Case Summary


Citation 2000  EWCA  Civ 331 
Decision Date 18/12/2000
Scheme 1996 Scheme
Paragraph Number 8,9,13
Keywords Criminal Injuries Compensation Scheme 1996 – Paragraphs 8, 9(c) & 13 – Eligibility – Conduct – Character - Sexual abuse of child – Buggery – Gross indecency – Applicant’s consent – Consent in law – crime of violence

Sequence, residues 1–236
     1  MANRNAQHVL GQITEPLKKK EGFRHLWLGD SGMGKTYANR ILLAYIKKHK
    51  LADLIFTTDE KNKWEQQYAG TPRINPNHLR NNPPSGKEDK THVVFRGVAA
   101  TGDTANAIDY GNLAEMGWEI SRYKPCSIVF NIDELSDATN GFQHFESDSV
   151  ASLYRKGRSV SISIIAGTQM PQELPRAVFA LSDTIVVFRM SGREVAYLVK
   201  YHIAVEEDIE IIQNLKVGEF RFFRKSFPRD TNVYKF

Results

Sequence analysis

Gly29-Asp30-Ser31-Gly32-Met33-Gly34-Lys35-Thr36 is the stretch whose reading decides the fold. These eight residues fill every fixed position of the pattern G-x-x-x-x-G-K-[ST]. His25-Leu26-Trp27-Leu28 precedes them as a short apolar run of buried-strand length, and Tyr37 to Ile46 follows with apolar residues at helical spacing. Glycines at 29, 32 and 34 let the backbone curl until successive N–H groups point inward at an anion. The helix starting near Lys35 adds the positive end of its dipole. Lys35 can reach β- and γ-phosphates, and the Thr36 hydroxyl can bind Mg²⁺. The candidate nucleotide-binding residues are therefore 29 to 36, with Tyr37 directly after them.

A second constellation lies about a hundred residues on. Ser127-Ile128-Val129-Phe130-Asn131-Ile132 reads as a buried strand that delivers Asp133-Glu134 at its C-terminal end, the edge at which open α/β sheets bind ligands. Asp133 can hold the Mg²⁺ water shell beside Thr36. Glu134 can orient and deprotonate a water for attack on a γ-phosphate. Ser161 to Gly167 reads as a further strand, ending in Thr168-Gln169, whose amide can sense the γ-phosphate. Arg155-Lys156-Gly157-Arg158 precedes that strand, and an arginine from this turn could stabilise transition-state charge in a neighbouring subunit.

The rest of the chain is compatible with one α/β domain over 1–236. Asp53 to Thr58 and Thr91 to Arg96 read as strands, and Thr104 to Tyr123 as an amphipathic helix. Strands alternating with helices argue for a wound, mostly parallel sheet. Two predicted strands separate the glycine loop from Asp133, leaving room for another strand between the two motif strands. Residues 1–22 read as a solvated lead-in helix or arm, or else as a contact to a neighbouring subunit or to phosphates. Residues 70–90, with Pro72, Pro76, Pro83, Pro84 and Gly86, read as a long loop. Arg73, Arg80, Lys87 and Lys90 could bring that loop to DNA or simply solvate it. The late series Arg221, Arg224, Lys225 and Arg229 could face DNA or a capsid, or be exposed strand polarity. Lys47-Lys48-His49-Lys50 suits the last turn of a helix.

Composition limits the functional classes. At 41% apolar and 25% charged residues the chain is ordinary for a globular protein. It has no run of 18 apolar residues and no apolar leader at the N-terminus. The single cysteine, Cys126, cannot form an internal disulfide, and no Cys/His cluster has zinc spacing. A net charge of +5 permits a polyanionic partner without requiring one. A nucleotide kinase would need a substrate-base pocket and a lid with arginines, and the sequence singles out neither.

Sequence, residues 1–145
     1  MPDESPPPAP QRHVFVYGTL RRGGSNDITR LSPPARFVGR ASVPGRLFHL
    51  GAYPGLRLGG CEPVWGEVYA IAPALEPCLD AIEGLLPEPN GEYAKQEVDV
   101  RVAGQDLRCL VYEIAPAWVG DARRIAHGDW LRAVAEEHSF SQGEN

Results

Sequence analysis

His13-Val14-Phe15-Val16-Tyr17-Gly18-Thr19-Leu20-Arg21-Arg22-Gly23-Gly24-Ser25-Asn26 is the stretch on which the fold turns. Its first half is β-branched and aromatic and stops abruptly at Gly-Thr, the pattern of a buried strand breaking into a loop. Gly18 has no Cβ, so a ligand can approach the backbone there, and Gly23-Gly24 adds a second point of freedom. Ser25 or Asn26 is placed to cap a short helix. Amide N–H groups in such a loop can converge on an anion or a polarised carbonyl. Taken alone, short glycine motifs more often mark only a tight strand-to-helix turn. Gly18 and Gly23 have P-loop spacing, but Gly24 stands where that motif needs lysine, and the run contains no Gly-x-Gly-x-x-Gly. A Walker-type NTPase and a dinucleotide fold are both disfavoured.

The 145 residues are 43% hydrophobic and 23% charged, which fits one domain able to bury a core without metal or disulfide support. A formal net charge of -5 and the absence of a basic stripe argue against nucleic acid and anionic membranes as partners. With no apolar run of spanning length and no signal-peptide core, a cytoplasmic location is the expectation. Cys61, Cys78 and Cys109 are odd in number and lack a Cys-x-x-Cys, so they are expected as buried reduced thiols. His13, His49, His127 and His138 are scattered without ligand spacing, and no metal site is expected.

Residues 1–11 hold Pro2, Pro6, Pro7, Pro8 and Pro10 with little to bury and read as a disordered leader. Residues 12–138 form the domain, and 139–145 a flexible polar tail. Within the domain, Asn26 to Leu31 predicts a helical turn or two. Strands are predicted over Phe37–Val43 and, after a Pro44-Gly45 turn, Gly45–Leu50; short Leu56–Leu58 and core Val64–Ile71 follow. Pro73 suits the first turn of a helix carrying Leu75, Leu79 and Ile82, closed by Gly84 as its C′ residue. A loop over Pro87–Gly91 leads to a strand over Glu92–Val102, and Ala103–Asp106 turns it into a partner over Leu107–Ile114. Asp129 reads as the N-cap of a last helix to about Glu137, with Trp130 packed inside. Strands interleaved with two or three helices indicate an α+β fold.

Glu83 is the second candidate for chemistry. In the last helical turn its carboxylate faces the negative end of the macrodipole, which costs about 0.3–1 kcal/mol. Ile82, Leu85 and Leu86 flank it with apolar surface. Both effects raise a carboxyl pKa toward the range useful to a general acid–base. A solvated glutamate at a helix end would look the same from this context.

Headnote Summary of decision In each case the Panel had been justified in thinking that the applicant’s consent was relevant to the construction and application of the concept of “crime of violence”; although it was not necessarily the determinative factor in all cases. The question of whether a crime was a “crime of violence” was a jury question. In answering that question it was necessary to look at the nature and not the consequences of the unlawful conduct. Facts August The applicant (‘A’) had a troubled history having been placed into care aged about 9 and having been the victim of sexual abuse. It was against that history that A came to meet a man: Mr Crow (‘C’) in a public lavatory in the summer of 1990, when A was aged 13 or 14. A had gone to the lavatories to look for someone to take part in homosexual acts for money. On a number of occasions C met with A. C was, in 1993 convicted of buggery, gross indecency and taking indecent photographs of A. On A’s application for criminal injuries compensation to the Criminal Injuries Compensation Authority (‘The Authority’) in 1997 his claim was rejected on the ground, inter alia, that the offences committed were not crimes of violence for the purposes of paragraph 8(a) of the Criminal Injuries Compensation Scheme 1996 (‘the Scheme’). Upon review, the Authority upheld that decision on the same grounds. A appealed to the Criminal Injuries Compensation Appeals Panel (‘the Panel’). At the hearing, it was accepted on A’s behalf that he had participated voluntarily, but it was submitted that any consent was vitiated by his age, history in care and earlier history of sexual abuse. The Panel dismissed the appeal finding that there had not been a crime of violence. On A’s application for judicial review of the Panel’s decision, Owen J held that it did not follow that because there could not be consent valid in law, that there was a crime of violence. It was for the final analysis of the Panel to consider on the evidence, having assessed the witnesses and the facts before it, whether there had been a crime of violence. There was no reason to say that the Panel had erred in law, or that the decision was unreasonable. It was not appropriate to quash its decision. A appealed that decision. Brown In the late 1960s the applicant (‘B’) had been a pupil at an approved school where, he alleged, he had been subjected to non-consensual buggery by other boys. There was a degree of sexual activity between inmates and there was no doubt that sexual abuse had occurred at the school during the 1960s. The Ayuthority had found in addition that there was likely to have been consensual sexual relationships and experimentation between boys of similar ages. B claimed that he had not consented to the various acts and indeed that the extent of the activities in which he had been involved was less than those which the Authority found. The Authority found that his activities were more widespread and consensual than he had admitted because he had acted as a “rent boy”. In those circumstances it was clear to the Authority that B had consented. The Panel rejected B’s appeal because it was not satisfied that any sexual activity between B and any of the three boys he named was non-consensual and amounted to a crime of violence. B applied for judicial review of the Panel’s refusal to compensate him on the basis that his consent to acts of buggery between the age of 12 to 13 meant that he was not a victim of a crime of violence. Collins J, in the Divisional Court, held, allowing B’s application, that the approach of the Panel was wrong. In this case B was buggered, he suffered direct physical injury. It was inevitable that he would be injured. Consent apart, this would undoubtedly have been regarded as a crime of violence. Consent should not make all the difference when the act itself is violence towards a child. Parliament, in sexual offences, had indicated that as a matter of public policy the consent of someone of the age of 12 or 13 should not be a defence to an offence of buggery, therefore the Panel’s decision that such an act did not amount to a crime of violence was wrong in law. The Panel appealed that decision. Held, dismissing the applicant’s appeal in the case of August and allowing the Panel’s appeal in the case of Brown (1) In each case the Panel had been justified in thinking that the applicant’s consent was relevant to the construction and application of the concept of ‘crime of violence’. (2) The offence of buggery in sections 12 and 13 of the Sexual Offences Act 1956 was established to prevent unnatural behaviour and not to protect children or any other person involved. (3) An act of buggery need not entail an assault, as the Sexual Offences Act 1967 specifically recognised in section 7(2)(c) and (4) Since the consent of either party to an act of buggery was irrelevant to guilt, the age of the parties was irrelevant, save where the special provisions of section 1 of the Act applied to exempt from prosecution an act of buggery between consenting adults in private; (5) As a matter of criminal law, an act of buggery did not depend on a lack of consent and therefore need not entail an assault. Similarly it may not amount to a crime of violence under the Scheme. In each case it was for the Panel to decide, as a jury question taking into account all the circumstances of the case, whether the crime, as actually committed had been a crime of violence. (6) The Court of Appeal approved five propositions drawn from the case of R v. Criminal Injuries Compensation Board, ex parte Webb [1987] 1 QB 74 in relation to the meaning of a ‘crime of violence : (i) The concept of a crime of violence is not a term of art; (ii) The issue of whether a crime of violence has taken place is a jury question for the Authority or the Panel to decide. It depends on “a reasonable and literate man’s understanding of the circumstances in which he could under the Scheme be paid compensation for personal injury caused by a crime of violence”; (iii) That question is not technical or complicated. The Panel “will recognise a crime of violence when they hear about it, even though as a matter of semantics it may be difficult to produce a definition which is not too narrow or too wide as to produce absurd consequences”; (iv) The correct approach was not to classify particular offences as crimes of violence but to decide in each case whether the events that occurred were: (a) crime; and (b) a crime of violence (v) In performing that task the Panel had to look at the nature and not the consequences of unlawful conduct; (7) Close consideration should be given to whether there was consent in fact (rather than in law) and whether the consent was freely and voluntarily given. In both cases the Court of Appeal held that on the particular facts before the Panel they had been free to conclude that the acts were consensual and did not amount to crimes of violence. (8) Obiter, the Court of Appeal suggested that there were some cases where the need for written reasons ought to be contemplated and a reasoned statement prepared at the time or shortly after the hearing. as to the need for the Board to give reasons for their decisions, the nature and extent depending on the circumstances of the case. The Court deprecated the fact that only terse short reasons were given in Brown at the time of the hearing (notwithstanding the fact that it had been a four man Panel) and no reasoned judgment given until eight months thereafter. Parts of scheme and other legislation referred to in judgment 1996 Criminal Injuries Compensation Scheme paragraphs 6, 8, 9, 13, Criminal Injuries Compensation Act 1995 Cases referred to in judgment R v. Criminal Injuries Compensation Board, ex parte Webb [1987] 1 QB 74; Gray v. Criminal Injuries Compensation Board [1999] SLT 425; R v. CICB, ex parte Piercy (unreported, 14 April 1997); R v. CICB ex parte Clowes [1977] 1 WLR 1353; Lane v. Holloway [1968] 1 QB 379; Representation Allan Levy QC and Caroline Hamilton (instructed by Roach Pittis) appeared for A; Jonathan Crow and Dinah Rose (instructed by the Treasury Solicitor) appeared for the respondent Appeals Panel; James Guthrie QC and William McCarthy (instructed by Hardwicks) appeared for B; Jonathan Crow and Hugo Keith (instructed by the Treasury Solicitor) appeared for the appellant Appeals Panel